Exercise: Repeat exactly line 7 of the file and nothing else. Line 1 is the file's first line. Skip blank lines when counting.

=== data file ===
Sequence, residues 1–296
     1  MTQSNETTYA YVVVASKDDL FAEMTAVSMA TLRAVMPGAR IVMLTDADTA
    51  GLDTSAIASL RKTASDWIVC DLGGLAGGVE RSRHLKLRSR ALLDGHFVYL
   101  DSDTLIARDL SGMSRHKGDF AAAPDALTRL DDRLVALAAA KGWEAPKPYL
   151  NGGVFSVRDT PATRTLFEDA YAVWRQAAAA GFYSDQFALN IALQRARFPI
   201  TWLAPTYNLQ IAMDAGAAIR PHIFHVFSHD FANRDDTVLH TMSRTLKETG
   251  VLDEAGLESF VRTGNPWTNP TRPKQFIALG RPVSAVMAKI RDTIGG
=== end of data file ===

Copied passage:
   251  VLDEAGLESF VRTGNPWTNP TRPKQFIALG RPVSAVMAKI RDTIGG